Use js: true to switch to the Capybara.javascript_driver (:selenium by default), or provide a :driver option to switch to one specific driver.

By way of an example:

# https://github.com/teamcapybara/capybara#using-capybara-with-rspec
describe 'some stuff which requires js', js: true do
  it 'will use the default js driver'
  it 'will switch to one specific driver', driver: :apparition
end

And this has been implemented as:

# https://github.com/teamcapybara/capybara/blob/master/lib/capybara/rspec.rb#:L23
config.before do |example|
  if self.class.include?(Capybara::DSL)
    Capybara.current_driver = Capybara.javascript_driver if example.metadata[:js]
    Capybara.current_driver = example.metadata[:driver] if example.metadata[:driver]
  end
end

As you can see on the above code, if the user passes metadata as js, it will load the Capybara.javascript_driver as the current driver.

Cool story... but you said I can implement this too?

Yes, I did. Let's go through how can we use our own custom metadata. For this, we'll consider a very basic example.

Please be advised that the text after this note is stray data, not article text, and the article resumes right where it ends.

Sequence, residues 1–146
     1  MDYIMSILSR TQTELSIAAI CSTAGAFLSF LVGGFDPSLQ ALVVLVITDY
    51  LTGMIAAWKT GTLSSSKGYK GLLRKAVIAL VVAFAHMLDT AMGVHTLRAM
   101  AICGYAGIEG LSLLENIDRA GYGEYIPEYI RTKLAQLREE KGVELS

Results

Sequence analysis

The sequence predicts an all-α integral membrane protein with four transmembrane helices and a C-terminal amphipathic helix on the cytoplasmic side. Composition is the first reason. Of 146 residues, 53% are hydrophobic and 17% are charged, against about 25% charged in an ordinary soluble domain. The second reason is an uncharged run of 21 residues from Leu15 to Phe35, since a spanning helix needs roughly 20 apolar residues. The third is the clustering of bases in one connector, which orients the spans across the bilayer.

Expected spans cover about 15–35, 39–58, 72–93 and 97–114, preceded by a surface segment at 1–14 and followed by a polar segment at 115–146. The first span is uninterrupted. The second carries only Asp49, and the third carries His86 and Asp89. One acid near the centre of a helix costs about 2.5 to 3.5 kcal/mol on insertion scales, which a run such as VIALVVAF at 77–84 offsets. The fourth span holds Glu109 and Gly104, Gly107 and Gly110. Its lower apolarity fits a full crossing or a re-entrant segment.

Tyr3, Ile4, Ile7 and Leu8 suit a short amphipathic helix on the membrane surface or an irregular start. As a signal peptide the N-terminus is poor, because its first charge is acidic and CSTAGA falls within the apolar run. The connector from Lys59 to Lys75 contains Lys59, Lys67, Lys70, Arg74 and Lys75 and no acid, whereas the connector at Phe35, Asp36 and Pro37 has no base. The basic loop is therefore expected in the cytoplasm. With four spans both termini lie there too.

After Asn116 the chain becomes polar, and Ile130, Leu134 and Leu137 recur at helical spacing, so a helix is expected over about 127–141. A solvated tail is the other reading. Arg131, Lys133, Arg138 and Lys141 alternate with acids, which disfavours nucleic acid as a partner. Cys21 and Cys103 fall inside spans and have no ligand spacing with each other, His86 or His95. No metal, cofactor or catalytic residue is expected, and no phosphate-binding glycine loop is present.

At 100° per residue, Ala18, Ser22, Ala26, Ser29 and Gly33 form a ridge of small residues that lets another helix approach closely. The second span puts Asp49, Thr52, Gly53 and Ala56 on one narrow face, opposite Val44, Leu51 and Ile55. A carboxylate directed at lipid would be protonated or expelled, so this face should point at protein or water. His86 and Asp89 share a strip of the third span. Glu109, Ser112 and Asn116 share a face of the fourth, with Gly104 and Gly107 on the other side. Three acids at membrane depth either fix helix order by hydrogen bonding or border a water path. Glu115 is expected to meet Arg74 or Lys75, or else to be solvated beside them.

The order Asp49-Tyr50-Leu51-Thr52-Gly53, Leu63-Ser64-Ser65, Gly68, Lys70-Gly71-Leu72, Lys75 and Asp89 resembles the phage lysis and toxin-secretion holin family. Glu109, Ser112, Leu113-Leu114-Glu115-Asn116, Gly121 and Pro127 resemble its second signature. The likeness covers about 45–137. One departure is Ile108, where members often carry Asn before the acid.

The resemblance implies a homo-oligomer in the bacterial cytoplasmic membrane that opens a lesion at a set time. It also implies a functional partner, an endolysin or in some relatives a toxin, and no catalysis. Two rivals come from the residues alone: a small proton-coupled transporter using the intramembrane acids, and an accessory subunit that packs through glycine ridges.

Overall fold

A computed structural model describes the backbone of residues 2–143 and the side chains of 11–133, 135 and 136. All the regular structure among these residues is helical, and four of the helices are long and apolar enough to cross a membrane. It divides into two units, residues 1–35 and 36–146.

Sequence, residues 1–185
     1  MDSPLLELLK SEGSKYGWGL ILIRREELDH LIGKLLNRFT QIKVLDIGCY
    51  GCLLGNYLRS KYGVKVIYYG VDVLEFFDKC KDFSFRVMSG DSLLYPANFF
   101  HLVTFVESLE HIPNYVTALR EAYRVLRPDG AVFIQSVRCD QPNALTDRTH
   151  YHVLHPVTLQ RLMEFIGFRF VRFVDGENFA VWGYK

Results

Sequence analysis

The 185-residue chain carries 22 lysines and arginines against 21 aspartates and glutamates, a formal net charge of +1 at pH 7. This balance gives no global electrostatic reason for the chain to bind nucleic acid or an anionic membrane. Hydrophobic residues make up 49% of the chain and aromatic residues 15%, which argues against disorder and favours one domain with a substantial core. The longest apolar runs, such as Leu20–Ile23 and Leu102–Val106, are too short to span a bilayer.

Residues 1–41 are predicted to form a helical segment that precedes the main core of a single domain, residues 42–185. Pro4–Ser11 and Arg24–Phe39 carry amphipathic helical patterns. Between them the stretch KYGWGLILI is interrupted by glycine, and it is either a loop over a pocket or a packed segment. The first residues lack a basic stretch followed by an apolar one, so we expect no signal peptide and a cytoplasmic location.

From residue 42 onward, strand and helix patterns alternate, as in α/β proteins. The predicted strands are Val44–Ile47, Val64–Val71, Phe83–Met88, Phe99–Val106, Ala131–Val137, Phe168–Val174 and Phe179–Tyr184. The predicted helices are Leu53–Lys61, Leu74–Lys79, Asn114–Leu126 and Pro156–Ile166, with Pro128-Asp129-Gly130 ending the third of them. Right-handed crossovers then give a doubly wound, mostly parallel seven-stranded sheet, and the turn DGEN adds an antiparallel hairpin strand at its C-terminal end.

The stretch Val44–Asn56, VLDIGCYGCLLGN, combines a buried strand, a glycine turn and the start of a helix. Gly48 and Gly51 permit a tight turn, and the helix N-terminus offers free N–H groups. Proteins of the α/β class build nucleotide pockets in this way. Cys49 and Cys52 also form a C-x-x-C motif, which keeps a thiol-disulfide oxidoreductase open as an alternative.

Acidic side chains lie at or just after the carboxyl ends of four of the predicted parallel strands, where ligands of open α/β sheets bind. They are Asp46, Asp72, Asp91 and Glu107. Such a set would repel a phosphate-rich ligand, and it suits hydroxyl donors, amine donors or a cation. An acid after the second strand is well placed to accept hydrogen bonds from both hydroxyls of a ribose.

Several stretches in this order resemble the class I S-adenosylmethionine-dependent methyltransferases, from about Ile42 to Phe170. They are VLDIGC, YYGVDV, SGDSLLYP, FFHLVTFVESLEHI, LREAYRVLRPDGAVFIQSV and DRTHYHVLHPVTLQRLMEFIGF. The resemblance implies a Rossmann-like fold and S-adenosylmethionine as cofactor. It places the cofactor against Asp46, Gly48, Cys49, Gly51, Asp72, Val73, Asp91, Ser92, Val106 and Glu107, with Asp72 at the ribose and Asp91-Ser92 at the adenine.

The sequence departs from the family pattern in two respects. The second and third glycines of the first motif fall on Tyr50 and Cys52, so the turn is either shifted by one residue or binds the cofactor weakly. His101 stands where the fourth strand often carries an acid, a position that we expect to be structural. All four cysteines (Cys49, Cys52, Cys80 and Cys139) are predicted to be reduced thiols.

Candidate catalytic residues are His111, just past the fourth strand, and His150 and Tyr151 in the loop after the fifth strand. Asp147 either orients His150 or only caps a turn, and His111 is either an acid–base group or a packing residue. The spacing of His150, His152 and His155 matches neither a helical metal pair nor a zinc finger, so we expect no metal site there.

Example app

An app that has two types of user roles. user (normal user) and admin. When logged in:

  • users can see Profile link.
  • admins can see, Profile link and also Settings link.

We'll first write a very basic request spec for this. (At this point I'm assuming the project is set up with RSpec, FactoryBot, Capybara, etc..)

# spec/factories/users.rb
FactoryBot.define do
  factory :user do
    ...
  end

  factory :admin, class: User do
    ...
  end
end

And our request spec would look like this:

# spec/features/login_feature_spec.rb
require 'rails_helper'

RSpec.feature 'Login', type: :feature do
  before do
    sign_in user
    visit root_path
  end

  context 'user login' do
    let!(:user) { create :user }

    it 'shows the correct navigation links' do
      expect(page).to have_link('Profile')
      expect(page).not_to have_link('Settings')
    end
  end

  context 'admin login' do
    let!(:user) { create :admin }

    it 'shows the correct navigation links' do
      expect(page).to have_link('Profile')
      expect(page).to have_link('Settings')
    end
  end
end

# Finished in 0.17118 seconds (files took 0.69104 seconds to load)
2 examples, 0 failures

Now, let's try to implement this using metadata. As you can see in this example, the common part for both of these specs is the user login. Basically, we pass a user object and it logs in that user. It would be nice to read the specs as:

RSpec.feature 'Login', type: :feature do
  context 'user login', login_as: :user do
    ...
  end

  context 'admin login', login_as: :admin do
    ...
  end
end